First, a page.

I’ve been troubled for some time about democracy; I just don’t think it means what it used to mean.
Democracy is supposed to be about hearing, considering, and respecting multiple voices, resulting in reasoned compromise that leads to the overall betterment of society. Not today, though. Today democracy seems like just another cudgel, grabbed by the powerful and used to force a modern despotism on a helpless electorate. It has become a tool of convenience; we parade its benefits when it suits our needs, and we do so in ways that subvert its truth. Demokratia, the rule of the people, is used by those who, wielding a bastardized definition, pretend that democracy is a power given to individuals rather than a loan given to representatives.
While I may be unsure of what the word means today, I do know one thing: the practice of democracy has gotten mean. In North Carolina, for example (a part of the country we should all be paying extremely close attention to), democracy no longer rides the rails at all. The state legislators down there seem to have adapted the modern definition and are busy horse-whipping the populace into submission. (If you don’t believe me, take a look at this video, in which the NC Lt. Governor tells the concerned gallery occupants that they can’t make either sound or gesture. This, he seemingly contends, is how democracy works on his watch.) Instead of representing their constituents, the current supermajority appears to have taken the electoral victory as an opportunity to remake the state in their own image rather than finding ways to compromise for the betterment of the state’s diverse population.
Such plays out all over the country. Fear and enmity have combined with Torquemadan tactics to create an environment that seems anything but democratic to me. Instead, democracy is what someone else decides it is; democracy is whatever the winners want it to be.
And our attitude has gone international. I’ve written previously about the Egyptian elections and how we seem to have conveniently forgotten that they were in fact just that: elections. Now there are those who laud what we used to deplore: the military ousting an elected head of state and then taking over the country.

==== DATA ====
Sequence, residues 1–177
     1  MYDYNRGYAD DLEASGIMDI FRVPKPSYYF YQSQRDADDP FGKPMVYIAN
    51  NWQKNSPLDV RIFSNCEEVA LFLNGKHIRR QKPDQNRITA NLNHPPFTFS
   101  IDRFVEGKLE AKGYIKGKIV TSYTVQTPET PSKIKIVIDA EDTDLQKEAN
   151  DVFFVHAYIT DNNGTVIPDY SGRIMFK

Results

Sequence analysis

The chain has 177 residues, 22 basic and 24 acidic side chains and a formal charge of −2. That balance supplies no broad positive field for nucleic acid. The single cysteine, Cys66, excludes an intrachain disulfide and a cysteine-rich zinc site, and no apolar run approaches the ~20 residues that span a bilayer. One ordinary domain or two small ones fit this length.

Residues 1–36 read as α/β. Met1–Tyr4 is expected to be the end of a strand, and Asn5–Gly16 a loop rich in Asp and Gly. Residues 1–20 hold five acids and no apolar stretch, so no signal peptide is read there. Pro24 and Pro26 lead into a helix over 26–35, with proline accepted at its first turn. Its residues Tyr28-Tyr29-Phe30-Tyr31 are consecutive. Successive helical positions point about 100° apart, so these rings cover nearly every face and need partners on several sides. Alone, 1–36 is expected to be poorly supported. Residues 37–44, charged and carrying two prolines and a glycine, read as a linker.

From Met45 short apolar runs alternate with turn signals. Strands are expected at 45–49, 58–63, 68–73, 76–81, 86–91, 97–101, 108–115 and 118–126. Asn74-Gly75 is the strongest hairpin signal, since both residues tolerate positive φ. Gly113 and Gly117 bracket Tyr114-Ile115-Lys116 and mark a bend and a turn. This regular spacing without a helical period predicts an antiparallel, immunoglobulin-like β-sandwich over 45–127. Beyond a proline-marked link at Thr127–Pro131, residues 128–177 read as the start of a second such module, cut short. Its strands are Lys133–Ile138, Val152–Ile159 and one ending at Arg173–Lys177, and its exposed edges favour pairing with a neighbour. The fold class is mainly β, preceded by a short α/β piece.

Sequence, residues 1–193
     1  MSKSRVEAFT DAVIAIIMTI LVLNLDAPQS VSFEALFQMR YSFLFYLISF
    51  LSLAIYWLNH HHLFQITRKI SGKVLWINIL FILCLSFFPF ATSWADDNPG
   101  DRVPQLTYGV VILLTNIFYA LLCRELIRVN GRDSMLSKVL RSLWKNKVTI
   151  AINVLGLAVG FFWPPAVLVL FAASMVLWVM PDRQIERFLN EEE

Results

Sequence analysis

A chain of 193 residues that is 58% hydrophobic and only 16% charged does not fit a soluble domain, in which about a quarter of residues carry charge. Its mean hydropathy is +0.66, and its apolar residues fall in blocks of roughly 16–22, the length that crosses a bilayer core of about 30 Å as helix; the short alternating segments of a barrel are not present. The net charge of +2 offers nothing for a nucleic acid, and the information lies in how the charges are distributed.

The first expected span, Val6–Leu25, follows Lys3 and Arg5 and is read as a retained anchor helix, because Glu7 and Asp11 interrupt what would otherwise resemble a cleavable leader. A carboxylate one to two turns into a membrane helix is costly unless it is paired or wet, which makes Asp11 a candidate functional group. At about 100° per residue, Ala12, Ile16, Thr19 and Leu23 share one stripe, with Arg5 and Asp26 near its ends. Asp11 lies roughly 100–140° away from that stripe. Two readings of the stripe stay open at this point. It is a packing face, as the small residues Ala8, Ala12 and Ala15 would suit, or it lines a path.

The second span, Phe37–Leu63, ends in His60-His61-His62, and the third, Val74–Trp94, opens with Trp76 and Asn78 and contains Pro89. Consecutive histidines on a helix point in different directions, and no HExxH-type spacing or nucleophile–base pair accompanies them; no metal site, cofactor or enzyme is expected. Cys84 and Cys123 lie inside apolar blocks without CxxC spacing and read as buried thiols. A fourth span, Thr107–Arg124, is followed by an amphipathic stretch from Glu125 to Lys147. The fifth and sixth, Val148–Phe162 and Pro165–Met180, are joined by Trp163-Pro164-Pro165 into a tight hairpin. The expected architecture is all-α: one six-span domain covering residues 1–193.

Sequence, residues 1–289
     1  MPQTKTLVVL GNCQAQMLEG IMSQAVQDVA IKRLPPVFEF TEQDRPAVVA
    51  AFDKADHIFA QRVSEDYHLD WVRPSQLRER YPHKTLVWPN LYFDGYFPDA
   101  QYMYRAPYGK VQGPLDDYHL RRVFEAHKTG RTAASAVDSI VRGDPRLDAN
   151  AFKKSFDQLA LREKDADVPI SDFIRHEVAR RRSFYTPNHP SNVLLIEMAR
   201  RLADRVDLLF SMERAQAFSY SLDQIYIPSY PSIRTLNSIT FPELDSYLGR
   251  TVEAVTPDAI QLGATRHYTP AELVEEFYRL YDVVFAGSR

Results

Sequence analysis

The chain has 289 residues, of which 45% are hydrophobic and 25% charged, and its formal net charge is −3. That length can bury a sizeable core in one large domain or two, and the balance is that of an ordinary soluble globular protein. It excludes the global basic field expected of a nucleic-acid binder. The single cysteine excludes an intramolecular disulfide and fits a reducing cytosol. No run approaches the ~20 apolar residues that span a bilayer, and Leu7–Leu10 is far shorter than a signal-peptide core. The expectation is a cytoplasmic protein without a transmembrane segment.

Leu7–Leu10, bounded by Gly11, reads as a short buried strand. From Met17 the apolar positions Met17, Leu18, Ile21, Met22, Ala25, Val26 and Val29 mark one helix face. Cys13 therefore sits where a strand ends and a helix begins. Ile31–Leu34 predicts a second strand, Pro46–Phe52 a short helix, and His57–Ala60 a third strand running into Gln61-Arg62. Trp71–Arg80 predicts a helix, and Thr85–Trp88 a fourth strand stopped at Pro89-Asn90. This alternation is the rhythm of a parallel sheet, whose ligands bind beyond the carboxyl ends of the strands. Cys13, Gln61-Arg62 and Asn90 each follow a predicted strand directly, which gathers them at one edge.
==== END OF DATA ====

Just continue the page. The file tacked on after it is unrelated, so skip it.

In my day we called that a “coup.” But not today. A quick search for references to the events in Egypt reveals an abundance of counter-coup claims; apparently, use of the term would violate U.S. foreign policy and impact our ability to provide aid to Egypt. And since we sort of like the results (After all, they got rid of the Muslim Brotherhood!) we wouldn’t want to take that risk. So it’s not a coup, even though “leading voices in Washington contend that it is the security interest of the U.S. and the region to help loosen the grip the Muslim Brotherhood has over Egypt and assist in holding a new set of democratic elections.”
Apparently the last set of democratic elections didn’t provide the outcome we want.
And it’s all connected. It seems like no accident that, at the same time that we willfully turn a blind eye to democracy’s overthrow in Egypt, we are also using democracy’s bludgeon to legislate against the non-existent threat of Sharia law here at home. For proof, look no further than (once again) to our friends in North Carolina, who have chosen to join more than two dozen other states in wasting time on this “threat.”
Is this really what democracy is for? And, if not, how can it change?
Perhaps we should start with those few legislators who somehow still care, who try not to see only through a glass, darkly. Currently too many are playing the game the bludgeoners want them to play, catering to the lies and misinformation with counter-arguments that they know will only fall on deaf ears. Perhaps, instead, they should call out the hypocrisy. In North Carolina, for example, in the recent floor debates shown in this video, why is it that not one defiant legislator stood up to call out the bill supporters, to dare them to admit what they are really trying to do? Why do they only play the game of punch-counterpunch when the real issues of fear-mongering and theocracy are never addressed? Can you imagine what would happen if just one legislator bothered to stand up and speak the real truth, to ask just this one question: “Have you all gone fucking nuts?”
Let’s find those legislators, both at the state and federal levels. Let’s encourage them, give them cover, offer them reportage and support. Let’s urge them to stop struggling in an environment that ignores democracy; urge them instead to call out what’s really happening, and to force those who would suppress us by pretending to democracy admit instead what they’re really trying to do.
And what they’re trying to do is about the farthest thing from democracy I can imagine.